Running with numbers: career opportunities in sports data

3D skeletons, Formula 1 sailing boats and high-tech bikes – welcome to the sports data revolution.

Ever wondered how our Aussie Olympians get the edge on the opposition? Sure, it’s eating the right food, training hard and having a killer attitude, but now they have a new weapon: data analytics.

Sports science has changed massively in just a few years thanks to hundreds of millions of data records. This sports data revolution is creating a big demand for maths, stats and data scientists to help Australia stay on the top of the Olympic podium.

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Stuart Morgan, head of analytics at the Australian Institute of Sport (AIS), says what the organisation needs is “people who understand sport, but it’s those crucial data science skills and capabilities that will make their career in sports science right now”.

Triathlon Australia uses data to protect athletes from injury

One recent successful sports data project has been with triathlons – an Olympic sport that includes running. swimming and cycling.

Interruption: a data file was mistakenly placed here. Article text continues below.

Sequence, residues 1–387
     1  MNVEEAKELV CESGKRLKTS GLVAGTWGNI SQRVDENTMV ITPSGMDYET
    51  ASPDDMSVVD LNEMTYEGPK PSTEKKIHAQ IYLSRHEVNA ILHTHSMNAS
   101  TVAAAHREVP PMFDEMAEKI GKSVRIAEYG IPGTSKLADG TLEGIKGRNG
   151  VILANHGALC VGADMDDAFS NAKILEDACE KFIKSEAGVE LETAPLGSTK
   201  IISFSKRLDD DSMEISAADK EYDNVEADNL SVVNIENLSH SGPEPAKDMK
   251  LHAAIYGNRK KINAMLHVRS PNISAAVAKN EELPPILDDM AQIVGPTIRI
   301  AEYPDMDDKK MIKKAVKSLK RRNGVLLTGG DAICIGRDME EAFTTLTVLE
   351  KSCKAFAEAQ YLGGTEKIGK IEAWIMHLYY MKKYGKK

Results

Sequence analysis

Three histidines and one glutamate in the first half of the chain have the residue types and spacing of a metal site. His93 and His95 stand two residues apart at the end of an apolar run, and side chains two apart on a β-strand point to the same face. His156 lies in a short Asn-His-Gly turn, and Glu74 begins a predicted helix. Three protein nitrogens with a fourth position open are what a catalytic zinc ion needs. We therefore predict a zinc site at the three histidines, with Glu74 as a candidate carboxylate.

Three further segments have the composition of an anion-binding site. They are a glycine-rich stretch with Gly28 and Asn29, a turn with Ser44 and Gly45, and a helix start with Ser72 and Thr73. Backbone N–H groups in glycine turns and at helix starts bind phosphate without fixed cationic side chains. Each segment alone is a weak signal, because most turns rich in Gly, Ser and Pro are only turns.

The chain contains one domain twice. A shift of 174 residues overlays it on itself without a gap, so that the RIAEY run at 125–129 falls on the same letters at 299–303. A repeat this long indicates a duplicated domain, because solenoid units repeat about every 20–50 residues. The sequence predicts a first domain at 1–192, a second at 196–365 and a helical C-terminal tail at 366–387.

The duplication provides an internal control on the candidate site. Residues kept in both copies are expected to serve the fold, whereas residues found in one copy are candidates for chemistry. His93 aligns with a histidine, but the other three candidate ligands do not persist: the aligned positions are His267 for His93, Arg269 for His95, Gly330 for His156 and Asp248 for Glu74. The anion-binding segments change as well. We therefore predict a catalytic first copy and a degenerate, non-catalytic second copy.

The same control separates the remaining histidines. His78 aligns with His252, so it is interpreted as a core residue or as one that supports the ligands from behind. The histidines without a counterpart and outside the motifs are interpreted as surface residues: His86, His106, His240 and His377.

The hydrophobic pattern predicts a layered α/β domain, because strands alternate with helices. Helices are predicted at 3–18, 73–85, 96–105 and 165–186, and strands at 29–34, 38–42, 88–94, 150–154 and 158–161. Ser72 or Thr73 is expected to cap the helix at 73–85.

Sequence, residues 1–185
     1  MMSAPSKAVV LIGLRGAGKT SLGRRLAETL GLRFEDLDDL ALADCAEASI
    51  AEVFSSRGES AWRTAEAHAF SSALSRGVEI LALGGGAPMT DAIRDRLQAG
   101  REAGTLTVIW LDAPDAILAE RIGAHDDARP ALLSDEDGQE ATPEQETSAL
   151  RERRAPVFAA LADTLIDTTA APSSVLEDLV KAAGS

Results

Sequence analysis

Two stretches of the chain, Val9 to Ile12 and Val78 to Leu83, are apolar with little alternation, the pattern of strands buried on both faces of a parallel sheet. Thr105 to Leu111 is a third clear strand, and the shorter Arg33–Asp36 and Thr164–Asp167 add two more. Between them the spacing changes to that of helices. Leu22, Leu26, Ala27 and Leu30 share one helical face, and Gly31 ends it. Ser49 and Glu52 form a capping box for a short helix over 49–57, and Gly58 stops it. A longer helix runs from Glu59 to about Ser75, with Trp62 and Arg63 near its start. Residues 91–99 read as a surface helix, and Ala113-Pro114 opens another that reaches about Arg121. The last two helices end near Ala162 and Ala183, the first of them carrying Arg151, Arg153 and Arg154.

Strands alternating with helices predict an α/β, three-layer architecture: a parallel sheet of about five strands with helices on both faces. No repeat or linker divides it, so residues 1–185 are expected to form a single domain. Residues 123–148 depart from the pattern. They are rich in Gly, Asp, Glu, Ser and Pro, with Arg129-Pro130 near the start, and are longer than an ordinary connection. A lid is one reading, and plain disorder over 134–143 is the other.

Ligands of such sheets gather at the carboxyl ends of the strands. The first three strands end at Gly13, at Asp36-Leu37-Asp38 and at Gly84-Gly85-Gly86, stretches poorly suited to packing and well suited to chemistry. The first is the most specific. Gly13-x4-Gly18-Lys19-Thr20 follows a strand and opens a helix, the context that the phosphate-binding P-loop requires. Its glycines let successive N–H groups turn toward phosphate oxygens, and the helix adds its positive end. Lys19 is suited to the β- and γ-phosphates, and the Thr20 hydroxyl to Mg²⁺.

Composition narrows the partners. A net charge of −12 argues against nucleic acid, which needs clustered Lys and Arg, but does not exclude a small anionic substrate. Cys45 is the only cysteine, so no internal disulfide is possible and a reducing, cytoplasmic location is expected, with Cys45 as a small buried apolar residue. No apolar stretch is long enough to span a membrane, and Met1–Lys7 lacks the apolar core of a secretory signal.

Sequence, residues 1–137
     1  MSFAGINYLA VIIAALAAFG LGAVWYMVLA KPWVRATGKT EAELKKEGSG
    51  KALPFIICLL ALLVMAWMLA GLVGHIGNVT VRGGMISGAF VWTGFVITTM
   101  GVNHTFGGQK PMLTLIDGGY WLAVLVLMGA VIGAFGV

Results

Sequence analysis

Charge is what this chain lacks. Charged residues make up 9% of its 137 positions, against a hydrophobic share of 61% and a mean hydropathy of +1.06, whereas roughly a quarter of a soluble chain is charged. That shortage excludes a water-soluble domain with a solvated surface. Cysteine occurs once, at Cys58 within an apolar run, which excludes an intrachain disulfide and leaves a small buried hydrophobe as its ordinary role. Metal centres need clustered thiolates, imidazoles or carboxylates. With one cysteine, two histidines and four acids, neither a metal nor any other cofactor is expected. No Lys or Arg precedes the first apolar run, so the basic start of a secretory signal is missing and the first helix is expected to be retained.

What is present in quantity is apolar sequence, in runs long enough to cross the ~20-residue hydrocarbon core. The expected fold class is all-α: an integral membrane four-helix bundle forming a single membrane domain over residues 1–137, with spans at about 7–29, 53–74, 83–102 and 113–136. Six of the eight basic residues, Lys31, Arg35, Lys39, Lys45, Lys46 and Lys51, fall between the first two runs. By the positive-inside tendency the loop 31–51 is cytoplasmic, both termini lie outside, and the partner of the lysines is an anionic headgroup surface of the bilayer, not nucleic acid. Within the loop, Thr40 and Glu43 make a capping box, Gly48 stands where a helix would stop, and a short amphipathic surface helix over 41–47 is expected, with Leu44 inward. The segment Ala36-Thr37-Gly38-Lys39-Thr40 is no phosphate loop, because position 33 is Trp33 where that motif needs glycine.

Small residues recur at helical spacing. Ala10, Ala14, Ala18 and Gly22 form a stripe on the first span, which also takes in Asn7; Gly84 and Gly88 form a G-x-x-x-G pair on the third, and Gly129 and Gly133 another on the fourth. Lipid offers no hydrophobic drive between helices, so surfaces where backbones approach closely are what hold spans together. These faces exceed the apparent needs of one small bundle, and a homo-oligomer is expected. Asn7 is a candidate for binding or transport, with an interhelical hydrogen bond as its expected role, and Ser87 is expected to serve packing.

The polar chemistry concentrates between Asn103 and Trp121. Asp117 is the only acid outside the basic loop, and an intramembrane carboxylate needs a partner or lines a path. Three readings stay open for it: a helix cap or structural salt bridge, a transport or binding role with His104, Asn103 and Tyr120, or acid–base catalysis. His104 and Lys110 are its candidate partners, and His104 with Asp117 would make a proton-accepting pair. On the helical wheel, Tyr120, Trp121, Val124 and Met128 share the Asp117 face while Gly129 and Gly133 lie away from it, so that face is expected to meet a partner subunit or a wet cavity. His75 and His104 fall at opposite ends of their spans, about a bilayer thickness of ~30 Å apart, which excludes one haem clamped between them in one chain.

Triathlon Australia hired an athlete health specialist in 2018 to monitor health and training data and conduct daily surveys with athletes. Wade Hobbs, data analyst at Triathlon Australia, says that “injuries in triathletes who have been part of this athlete health system have plummeted”.

As a data analyst at Triathlon Australia, Wade Hobbs uses numbers every day on the job. Image: Triathlon Australia

“Bone stress injuries, which represent the highest cost in terms of training and competition time lost, have been reduced by 72%, so it’s been a real win,” he says.

Artificial Intelligence is emerging as a key tool in sports science

“The real battleground now is artificial intelligence (AI),” says Stuart, “and the people doing this work are largely computer scientists who are providing us with algorithms that we can use to monitor and improve performance.”

“We’re building AI algorithms that can interpret what athletes are doing just from broadcast vision,” explains Stuart, who also leads AIS’s Computer Vision and Machine Learning group. “Our objective is to help our athletes but also to understand more about our opponents than they understand about themselves.”

RELATED: 5 minutes with a data analyst

Start your maths, data + sports career here



  • Data analyst: $51K–$107K
  • Data scientist: $63K–$132K
  • Exercise physiologist: $47K–$73K*

*salaries according to

This article originally appears in Careers with STEM: Maths 2020.

STEM Contributor

Author: STEM Contributor

This article was written by a STEM Contributor for Careers with STEM. To learn more, please visit our contact page.


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